Frankincense threatened by conditions in Ethiopia

By Elizabeth Weise, USA TODAY
The world may still have gold and myrrh, but it’s quite possible that frankincense could become a thing of the past, given ecological pressures on the arid lands where it grows in Ethiopia.
The storied resin, known to millions as one of the three
gifts of the Magi, the wise men who visited Jesus after his birth, is made from
gum produced by the boswellia papyrifera tree. Its “bitter perfume” is
used as incense in religious rituals in many cultures, as well as an ingredient
in perfume and Chinese traditional medicine.

Dutch and Ethiopian researchers studying populations of the
scraggly, scrub-like trees in northern Ethiopia found that as many as 7% of the
trees are dying each year, and seedlings are not surviving into saplings.

Their paper in today’s edition of the Journal
of Applied Ecology
finds that the Ethiopian trees that produce much of
the world’s frankincense are declining so dramatically that production could be
halved over the next 15 years and the trees themselves could decline by 90% in
the next 50 years

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Frankincense has been harvested in the wild in the Middle
and the Horn of
since ancient times.

The frankincense carried by the three wise men probably
came from that area but those trees are mostly gone, says Frans Bongers, a
professor of tropical forest ecology and management at the University of
Wageningen in Holland.

“There’s still some in Somalia, but no one knows how much.
The main production area in the world right now is Ethiopia,” says Bongers, who
has studied the trees for the past six years.

Specialists have long said frankincense trees aren’t doing
well, but the paper is the first hard data on them, and the outlook is not

Frankincense is harvested by making cuts in the tree bark
during the dry season. A cut is made every two or three weeks, and the resin
that emerges to heal it is collected.

How much frankincense is produced worldwide isn’t clearly
known. Bongers says Europe imports about 400 tons each year, and about half of
that goes on to China for use in traditional medicine while the rest goes to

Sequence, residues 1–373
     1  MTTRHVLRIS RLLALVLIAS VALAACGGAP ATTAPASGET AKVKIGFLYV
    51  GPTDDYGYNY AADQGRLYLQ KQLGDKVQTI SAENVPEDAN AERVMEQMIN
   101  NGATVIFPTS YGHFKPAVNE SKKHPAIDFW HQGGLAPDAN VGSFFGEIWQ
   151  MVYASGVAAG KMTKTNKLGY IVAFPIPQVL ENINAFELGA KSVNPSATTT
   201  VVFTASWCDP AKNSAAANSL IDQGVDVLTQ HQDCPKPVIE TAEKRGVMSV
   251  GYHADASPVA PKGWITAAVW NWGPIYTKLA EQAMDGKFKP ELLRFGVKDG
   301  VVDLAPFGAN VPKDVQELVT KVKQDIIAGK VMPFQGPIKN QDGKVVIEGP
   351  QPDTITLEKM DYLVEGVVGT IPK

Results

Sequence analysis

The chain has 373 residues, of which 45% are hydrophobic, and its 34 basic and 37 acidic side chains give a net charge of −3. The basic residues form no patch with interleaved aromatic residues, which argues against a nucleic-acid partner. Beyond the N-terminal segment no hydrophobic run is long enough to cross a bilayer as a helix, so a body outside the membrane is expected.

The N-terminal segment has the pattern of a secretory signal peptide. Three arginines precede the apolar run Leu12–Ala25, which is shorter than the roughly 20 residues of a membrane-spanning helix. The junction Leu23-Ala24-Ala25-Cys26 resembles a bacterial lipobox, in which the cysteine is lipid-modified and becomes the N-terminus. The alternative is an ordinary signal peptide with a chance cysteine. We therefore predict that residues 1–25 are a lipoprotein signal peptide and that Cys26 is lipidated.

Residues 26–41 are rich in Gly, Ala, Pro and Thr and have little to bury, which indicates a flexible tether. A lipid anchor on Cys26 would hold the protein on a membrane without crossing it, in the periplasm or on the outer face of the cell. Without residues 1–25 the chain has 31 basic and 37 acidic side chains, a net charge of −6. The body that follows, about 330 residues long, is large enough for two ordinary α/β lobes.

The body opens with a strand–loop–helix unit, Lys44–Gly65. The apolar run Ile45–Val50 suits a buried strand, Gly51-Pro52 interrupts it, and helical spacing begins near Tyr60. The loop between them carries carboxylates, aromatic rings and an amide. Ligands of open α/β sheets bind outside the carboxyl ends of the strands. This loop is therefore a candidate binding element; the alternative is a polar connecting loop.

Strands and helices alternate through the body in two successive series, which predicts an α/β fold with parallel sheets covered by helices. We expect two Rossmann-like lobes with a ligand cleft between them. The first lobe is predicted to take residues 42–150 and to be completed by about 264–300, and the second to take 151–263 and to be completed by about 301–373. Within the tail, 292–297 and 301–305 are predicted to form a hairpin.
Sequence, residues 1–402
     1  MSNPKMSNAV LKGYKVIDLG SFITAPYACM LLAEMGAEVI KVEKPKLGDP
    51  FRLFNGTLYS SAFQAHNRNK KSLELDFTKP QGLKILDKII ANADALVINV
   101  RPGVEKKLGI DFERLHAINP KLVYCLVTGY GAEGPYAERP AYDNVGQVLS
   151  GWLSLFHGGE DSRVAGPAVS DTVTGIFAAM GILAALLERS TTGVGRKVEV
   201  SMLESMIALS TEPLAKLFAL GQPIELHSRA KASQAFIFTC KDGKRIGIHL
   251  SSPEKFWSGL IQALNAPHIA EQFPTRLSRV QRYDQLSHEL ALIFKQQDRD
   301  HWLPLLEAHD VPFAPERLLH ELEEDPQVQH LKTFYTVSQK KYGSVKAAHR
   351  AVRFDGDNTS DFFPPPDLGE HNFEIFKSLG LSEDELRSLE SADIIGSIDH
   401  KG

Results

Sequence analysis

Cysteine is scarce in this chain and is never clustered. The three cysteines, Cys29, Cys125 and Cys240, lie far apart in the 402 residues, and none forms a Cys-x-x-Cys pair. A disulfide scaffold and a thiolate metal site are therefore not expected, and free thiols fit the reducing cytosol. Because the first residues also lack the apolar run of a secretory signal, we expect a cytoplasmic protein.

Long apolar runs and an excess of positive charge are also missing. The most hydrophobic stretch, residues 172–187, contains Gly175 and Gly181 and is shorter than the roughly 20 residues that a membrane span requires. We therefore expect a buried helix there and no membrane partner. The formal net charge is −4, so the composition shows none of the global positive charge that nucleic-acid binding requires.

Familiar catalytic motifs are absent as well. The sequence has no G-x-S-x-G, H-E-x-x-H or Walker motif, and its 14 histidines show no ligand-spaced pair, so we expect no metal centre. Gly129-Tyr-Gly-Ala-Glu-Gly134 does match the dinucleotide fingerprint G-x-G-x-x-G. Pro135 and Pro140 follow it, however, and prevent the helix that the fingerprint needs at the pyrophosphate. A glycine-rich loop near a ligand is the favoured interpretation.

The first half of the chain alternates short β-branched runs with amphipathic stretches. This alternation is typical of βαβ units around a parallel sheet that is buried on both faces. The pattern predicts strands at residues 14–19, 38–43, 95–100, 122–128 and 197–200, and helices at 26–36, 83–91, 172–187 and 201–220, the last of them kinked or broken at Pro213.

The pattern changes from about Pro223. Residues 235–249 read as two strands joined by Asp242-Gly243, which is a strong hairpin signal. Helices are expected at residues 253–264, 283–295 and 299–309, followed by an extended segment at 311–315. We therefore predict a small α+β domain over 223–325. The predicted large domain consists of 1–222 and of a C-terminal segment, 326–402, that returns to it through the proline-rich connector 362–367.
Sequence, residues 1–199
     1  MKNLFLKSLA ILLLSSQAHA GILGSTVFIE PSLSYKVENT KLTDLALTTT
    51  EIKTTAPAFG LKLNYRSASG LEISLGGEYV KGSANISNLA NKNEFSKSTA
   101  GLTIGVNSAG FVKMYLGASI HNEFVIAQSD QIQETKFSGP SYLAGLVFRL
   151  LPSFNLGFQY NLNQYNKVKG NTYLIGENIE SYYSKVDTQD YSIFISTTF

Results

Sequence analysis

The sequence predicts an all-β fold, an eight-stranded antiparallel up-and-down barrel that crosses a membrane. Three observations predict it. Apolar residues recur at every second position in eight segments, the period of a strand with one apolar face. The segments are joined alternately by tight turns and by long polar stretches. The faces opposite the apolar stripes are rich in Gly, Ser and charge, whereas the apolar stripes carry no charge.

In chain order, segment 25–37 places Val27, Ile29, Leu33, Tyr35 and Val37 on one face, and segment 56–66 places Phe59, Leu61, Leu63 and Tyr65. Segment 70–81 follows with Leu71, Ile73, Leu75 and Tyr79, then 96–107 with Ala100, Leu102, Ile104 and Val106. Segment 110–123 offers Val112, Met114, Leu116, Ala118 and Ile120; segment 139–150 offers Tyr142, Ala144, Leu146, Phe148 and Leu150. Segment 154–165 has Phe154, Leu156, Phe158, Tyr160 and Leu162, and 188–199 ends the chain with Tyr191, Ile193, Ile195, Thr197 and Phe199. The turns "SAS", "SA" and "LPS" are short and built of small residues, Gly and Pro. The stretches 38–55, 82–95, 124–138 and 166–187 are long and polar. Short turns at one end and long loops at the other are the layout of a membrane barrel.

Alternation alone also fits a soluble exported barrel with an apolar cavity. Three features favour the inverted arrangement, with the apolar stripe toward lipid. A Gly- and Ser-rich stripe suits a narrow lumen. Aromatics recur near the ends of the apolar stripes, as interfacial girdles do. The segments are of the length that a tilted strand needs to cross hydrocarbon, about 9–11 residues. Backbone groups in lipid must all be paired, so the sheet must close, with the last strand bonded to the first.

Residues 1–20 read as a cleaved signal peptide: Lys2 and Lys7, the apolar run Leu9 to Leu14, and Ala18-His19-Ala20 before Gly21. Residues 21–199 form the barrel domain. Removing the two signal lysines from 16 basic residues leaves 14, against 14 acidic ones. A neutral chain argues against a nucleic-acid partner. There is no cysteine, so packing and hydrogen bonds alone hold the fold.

churches and perfume makers.

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Most of that comes from Ethiopia. A long-term government
push to relocate people from the highlands to the lowlands, where the trees
grow, is putting tremendous pressure on the ecosystem.

Additionally, a shift in harvesting from large,
government-controlled companies to private collectives has increased the
pressure to collect larger amounts of resin. The old contracts were for up to 40
years, Bongers says, which gave incentive to preserve the resource. The new
contracts can be as short as two years, “so they get what they can get,” he

Heavy tapping appears to weaken the trees, making them more
prone to attacks by longhorn beetles. Up to 85% of fully grown trees that die
are heavily infested with beetles, the researchers found.

No new trees are replacing them. The highlanders brought
cattle, and seedlings don’t survive to become saplings because cattle eat them
and collectors burn the grasslands to make it easier to get to the trees,
killing saplings as well, Bongers says.

An Arizona man is in a small way trying to stem this tide.
Jason Eslamieh, originally from Iran, grows and sells all 19 boswellia
species, including the frankincense-producing type, at his nursery in Tempe.

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Seeds from the papyrifera subspecies, which makes
frankincense, are notoriously difficult to germinate. Two to eight out of a
hundred grow into a plant, says Eslamieh, who authored a book on the topic. He
says they must have undergone a population bottleneck due to over-harvesting in
the past, leaving them inbred and weak. He’s trying to create hybrids that are
more vigorous.

His nursery,, sells more than 100,000 seeds a
year as well as 1,000 papyrifera plants. A 4-inch seedling costs $55, and
fully mature trees can sell for up to $1,000.

The trees grow readily in Southern
, Florida and parts of Arizona.

Once the trees are about 4 years old, they can be tapped
for frankincense. “A small tree is enough for personal use,” he says.

It’s possible that climate change is affecting the trees.
Bongers has a research project underway and hopes to have an answer within two

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